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5 Tips for Creating the Ideal Geometric Haircut

Lauren Salapatek | April 6, 2015 | 9:06 AM
Photo By @casandracutter Photo 1 of 4
Photo By @casandracutter Photo 2 of 4
Photo By @casandracutter Photo 3 of 4
Photo By @casandracutter Photo 4 of 4

Creating a geometric haircut takes time, dedication, precision and attention to detail.

Paul Mitchell Guest Artist Casandra Cutter (@casandracutter) has created a number of geometric cuts on her Instagram page so MODERN asked her to provide us with some tips on the topic.

"Realize that sometimes you'll produce ugly work. And that's ok," says Cutter. "Over the entire course of your career, you'll produce a massive amount. Not all of it will be good. Maybe 70% or 80% will be awesome, but that other 20% will not be great. If it didn't turn out well, that's an opportunity to assess what happened and make adjustments for next time. But don't stop doing something just because it wasn't great the first time..or the first several times. As Dalí said, 'Never strive for perfection because you will never achieve it.'"

Here, Cutter provides five tips for geometric haircuts:

Consider bone structure, facial features and hair type: "Choosing where to keep or remove weight, where to add strength or softness, which way to push hair on what part of the head...it's a lot to think about. When we cut hair, we are acting as organic architects. We already have a predetermined foundation to work on and the choices we make can enhance or detract from specific areas. Taking the time to really asses the guest's bone structure, hairline, and facial features can create a blueprint for you. Factors such as texture, density, and formation can also help you to determine the suitability of certain design choices for your guest."

Focus on artistic balance: "When you're working with disconnection and asymmetry, visual balance and design flow are paramount. Remember asymmetry, or drama, can be created in a haircut not just through changes in length, but also contrast in strong and soft lines, opposite weight distributions, and different textures in the finish. So for example, I may choose to make the shorter side of my haircut softer if it lives on the heavier side of the parting. I could make that same side stronger if it lives on the lighter side of the part. Additionally, if a disconnection is set in front right side of my haircut and I'm choosing to add a second disconnection, I may choose to place it in the back on the left to balance the overall design. Again, all of this will depend on your individual guests bone structure, features, and hair type."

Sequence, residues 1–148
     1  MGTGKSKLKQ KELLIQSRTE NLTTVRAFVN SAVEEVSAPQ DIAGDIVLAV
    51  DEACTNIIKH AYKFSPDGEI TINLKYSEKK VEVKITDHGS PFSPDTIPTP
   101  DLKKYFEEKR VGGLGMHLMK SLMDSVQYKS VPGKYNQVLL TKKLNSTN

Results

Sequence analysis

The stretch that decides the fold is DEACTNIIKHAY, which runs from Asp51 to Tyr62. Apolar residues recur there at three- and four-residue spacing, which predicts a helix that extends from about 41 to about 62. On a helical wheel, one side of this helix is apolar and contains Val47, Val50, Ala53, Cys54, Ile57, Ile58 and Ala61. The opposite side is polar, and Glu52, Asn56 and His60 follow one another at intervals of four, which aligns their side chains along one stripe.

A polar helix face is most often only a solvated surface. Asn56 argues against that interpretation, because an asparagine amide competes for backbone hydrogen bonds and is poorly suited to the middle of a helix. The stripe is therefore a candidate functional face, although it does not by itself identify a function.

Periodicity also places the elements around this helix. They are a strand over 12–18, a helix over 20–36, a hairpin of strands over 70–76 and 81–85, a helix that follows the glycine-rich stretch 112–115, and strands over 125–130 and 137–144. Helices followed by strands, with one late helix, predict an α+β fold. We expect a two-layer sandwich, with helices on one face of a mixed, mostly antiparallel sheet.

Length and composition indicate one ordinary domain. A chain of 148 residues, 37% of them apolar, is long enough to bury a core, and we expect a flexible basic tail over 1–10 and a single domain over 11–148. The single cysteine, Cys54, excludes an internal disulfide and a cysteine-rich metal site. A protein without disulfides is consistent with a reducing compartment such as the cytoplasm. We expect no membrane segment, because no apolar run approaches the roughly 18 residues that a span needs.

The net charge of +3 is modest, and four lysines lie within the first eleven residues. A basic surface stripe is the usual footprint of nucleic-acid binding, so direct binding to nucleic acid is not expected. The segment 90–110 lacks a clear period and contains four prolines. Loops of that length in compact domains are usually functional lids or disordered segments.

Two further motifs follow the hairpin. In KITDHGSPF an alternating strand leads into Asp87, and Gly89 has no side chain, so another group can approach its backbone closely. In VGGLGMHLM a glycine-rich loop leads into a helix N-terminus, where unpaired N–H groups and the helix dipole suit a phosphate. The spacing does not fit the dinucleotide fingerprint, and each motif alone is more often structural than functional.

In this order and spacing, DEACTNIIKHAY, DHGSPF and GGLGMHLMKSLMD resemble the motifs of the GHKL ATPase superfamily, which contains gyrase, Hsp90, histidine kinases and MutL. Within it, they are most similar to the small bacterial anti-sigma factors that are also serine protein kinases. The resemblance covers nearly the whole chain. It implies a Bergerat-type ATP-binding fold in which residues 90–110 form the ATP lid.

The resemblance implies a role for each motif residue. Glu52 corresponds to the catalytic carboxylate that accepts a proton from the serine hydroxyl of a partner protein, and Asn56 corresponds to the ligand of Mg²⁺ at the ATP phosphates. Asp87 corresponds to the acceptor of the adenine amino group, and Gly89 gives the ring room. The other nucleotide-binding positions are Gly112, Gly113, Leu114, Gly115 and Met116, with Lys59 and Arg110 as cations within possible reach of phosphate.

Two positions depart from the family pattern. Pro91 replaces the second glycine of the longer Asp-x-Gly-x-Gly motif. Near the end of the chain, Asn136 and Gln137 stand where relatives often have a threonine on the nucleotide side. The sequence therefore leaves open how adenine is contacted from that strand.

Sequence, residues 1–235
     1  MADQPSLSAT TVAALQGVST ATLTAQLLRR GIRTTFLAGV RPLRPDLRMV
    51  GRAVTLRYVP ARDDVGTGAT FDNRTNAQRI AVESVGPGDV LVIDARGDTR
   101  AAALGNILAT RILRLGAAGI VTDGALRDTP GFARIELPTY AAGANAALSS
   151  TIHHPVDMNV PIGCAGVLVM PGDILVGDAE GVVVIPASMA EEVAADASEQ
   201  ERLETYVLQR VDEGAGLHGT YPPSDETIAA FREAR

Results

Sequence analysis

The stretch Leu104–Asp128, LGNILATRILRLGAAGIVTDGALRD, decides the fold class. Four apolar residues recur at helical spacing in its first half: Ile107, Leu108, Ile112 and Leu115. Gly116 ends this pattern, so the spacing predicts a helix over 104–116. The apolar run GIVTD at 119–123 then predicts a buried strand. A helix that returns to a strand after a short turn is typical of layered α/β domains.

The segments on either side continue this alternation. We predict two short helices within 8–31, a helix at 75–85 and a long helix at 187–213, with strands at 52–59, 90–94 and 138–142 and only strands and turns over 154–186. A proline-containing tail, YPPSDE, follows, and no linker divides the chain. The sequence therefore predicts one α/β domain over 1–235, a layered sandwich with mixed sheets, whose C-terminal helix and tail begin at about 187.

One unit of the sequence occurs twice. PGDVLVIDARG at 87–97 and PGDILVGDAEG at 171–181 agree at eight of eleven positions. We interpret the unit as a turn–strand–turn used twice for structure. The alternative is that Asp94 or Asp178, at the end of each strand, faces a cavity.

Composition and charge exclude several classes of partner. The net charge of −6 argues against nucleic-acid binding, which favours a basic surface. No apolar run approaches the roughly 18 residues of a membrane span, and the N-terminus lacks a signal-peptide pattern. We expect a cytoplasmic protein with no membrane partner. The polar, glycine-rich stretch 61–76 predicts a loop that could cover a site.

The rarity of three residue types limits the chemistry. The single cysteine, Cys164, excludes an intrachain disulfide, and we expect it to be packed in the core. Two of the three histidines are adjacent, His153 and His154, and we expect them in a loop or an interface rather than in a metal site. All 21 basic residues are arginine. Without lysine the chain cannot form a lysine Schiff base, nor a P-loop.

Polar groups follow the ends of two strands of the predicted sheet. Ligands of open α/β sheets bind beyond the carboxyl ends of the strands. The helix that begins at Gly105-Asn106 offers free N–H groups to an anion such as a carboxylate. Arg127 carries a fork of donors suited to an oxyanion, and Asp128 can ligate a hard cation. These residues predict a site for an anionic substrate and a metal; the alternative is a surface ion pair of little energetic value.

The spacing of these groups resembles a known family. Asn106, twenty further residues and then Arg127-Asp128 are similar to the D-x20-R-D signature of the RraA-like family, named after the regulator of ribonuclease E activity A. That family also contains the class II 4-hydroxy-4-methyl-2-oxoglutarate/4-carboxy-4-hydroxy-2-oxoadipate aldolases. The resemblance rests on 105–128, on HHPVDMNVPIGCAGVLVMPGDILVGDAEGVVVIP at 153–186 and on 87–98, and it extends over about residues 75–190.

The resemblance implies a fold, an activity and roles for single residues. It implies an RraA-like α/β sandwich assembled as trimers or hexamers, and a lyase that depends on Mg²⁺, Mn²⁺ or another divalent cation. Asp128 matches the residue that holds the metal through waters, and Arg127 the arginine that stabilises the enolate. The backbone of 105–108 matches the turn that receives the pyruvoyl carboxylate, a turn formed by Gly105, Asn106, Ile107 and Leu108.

Have a plan: "Panel your haircut and isolate areas of disconnection. Setting yourself up with a roadmap can help keep you on track. This process also allows you to take a critical look at length and density in specific areas as you section and clip it out of the way. It's almost as if you have the chance to cut the hair in your mind before actually jumping into it. Taking a more paced and planned approach helps avoid unfortunate discoveries during, such as finding out there isn't enough hair in an area to support your intended weight distribution."

Be deliberate: "Let each part of your composition be done with purpose. If you are going to create asymmetry in length, make sure you've left enough difference that it's obviously intentional. A half-inch difference just looks like a crooked haircut. Take controlled sections, comb cleanly, and don't move on to another panel until the one you're working on is what you want. Being in control of their hair the entire time will make the whole process feel less stressful, especially if these sorts of haircuts push you outside of your comfort zone."

Be flexible: "If you've ever had that one piece of hair that just wouldn't curl for an up-style, then you know  that sometimes the hair has its own ideas about what it wants to do. That has to be ok. Sometimes we get so attached to one specific design idea that we try to force the hair to do things it doesn't lend itself to. This inevitably leads to frustration and instills fear about ever trying to create that result again. Having a less rigid idea of what you are trying to achieve helps you feel more comfortable with needing to make adjustments as you go."

 

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